In the case of Commissioner of Customs (Import) v.  M/S. Dilip Kumar And Company bearing Civil Appeal no. 3327 OF 2007, order dt. 30 July, 2018 the apex court has held that the rule of strict interpretation should be provided to the eligibility conditions while conferring the benefits to such exemption. Therefore, the tests / conditions as laid down for mutuality have to be applied strictly and literally.

The said doctrine of mutuality is applicable in the case of the resident housing welfare society which is an incorporated bodies formed of the members, for the members, by the members. The contributors are the members themselves wherein the members contribute in the form of society maintenance as reimbursement of common expenses. Thus, there is no “facility” or benefit” provided to members by the society. The Society by the same principle of mutuality should not be liable to charge GST on the maintenance received from members of the society. The Apex Court in the case of State of West Bengal v. Calcutta Club Limited bearing no. Civil Appeal no. 4184 of 2009 (SC), order dt. 03/10/2019 held that contribution made by the members to their association shall not be liable for sales / service tax. The Court while holding the same observed as under :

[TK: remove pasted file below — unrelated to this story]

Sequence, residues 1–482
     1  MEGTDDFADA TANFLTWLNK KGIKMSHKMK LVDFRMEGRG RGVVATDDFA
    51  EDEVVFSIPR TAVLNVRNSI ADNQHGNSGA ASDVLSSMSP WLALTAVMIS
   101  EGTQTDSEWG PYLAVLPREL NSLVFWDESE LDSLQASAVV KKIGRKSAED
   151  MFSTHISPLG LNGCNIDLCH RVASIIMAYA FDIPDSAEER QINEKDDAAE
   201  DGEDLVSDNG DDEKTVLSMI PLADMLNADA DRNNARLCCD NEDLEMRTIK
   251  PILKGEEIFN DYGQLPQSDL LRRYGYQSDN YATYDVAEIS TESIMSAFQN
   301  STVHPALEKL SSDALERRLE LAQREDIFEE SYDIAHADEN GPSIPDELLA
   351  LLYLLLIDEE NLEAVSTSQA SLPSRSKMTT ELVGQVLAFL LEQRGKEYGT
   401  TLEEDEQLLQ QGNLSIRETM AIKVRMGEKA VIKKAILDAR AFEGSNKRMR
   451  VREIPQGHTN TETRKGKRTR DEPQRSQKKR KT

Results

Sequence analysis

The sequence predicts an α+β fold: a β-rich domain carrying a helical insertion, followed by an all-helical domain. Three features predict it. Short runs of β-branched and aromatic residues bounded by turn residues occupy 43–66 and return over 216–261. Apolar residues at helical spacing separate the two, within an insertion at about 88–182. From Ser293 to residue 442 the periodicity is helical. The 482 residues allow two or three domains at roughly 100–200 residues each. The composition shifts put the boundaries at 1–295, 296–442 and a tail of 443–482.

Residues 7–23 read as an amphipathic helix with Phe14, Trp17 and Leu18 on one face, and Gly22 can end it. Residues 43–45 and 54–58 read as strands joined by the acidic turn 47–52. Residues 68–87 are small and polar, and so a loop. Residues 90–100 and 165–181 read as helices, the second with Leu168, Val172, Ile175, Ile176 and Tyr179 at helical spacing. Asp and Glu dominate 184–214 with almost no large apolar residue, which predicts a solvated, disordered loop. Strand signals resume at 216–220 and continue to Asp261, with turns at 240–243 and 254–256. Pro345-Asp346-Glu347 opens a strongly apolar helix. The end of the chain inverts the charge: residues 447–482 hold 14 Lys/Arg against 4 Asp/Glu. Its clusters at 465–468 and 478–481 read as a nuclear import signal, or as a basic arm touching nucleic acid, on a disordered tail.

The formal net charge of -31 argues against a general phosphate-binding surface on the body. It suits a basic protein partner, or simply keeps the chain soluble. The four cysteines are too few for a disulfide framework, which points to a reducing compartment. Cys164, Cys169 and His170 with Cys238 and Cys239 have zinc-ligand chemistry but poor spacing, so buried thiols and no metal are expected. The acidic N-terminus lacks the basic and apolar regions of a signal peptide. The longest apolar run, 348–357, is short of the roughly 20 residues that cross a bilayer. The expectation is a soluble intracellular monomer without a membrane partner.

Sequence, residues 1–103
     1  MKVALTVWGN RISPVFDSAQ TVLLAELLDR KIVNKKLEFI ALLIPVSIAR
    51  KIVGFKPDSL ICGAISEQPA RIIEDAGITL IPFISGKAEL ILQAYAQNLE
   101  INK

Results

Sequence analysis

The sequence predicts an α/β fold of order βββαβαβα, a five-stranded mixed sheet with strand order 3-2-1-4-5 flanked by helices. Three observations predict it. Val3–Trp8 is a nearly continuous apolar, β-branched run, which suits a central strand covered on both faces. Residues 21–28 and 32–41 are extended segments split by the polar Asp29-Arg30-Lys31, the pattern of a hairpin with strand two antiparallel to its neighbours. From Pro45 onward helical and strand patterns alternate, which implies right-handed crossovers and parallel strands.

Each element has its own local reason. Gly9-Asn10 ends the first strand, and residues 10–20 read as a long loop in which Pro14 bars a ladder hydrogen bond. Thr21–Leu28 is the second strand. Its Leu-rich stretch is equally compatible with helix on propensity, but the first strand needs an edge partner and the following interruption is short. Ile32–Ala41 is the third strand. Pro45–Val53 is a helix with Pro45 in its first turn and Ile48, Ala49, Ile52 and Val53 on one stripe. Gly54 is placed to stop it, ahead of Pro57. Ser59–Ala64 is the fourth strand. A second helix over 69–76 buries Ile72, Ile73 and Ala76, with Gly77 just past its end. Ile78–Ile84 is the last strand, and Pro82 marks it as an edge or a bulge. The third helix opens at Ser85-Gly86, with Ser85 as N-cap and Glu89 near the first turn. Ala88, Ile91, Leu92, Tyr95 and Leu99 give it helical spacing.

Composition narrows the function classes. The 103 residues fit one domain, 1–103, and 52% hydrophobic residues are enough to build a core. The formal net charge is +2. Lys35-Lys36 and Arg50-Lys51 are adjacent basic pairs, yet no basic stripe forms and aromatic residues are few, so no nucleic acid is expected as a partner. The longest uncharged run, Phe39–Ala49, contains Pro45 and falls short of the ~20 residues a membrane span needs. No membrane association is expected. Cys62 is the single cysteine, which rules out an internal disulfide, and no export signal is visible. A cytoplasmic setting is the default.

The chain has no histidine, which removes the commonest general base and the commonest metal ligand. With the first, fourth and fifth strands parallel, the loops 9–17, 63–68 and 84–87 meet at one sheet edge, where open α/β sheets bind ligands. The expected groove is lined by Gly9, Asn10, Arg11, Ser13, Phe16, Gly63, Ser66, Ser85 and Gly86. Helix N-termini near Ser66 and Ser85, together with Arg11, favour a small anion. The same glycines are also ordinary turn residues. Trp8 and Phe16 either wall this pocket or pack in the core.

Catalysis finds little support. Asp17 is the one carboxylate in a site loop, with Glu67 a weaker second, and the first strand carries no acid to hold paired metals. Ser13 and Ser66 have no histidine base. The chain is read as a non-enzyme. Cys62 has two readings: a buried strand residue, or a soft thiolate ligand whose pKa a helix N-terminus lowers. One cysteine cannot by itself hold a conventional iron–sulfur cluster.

“3. It was contended before the Tribunal that there could be no sale by the respondent club to its own permanent members, for doctrine of mutuality would come into play. To elaborate, the respondent club treated itself as the agent of the permanent members in entirety and advanced the stand that no consideration passed for supplies of food, drink or beverages, etc. and there was only reimbursement of the amount by the members and therefore, no sales tax could be levied.”

In the decision of M/s. Vaishnavi Splendor Homeowners Welfare Association bearing order no. KAR/AAAR-10/2019-20 and dated 21/10/2020 the AAAR held that service supplied by Association to its member is a taxable service under GST Law and therefore, contribution received from members is liable for GST is required to be reconsidered by AAAR. This decision of Apex Court in the case of Yum! Restaurants (Marketing) Pvt. Ltd. (supra) is now going to help the societies to claim mutuality as all tests as laid down stand satisfied.


(1997) 5 SCC 394 / (1997) 92 Taxman 278 (SC)  

AIR 1948 PC 142

Author Details:

Adv. Bharat Agarwal (Managing Partner) | CA Sneha Sarbhushan (Associate) | Acelegal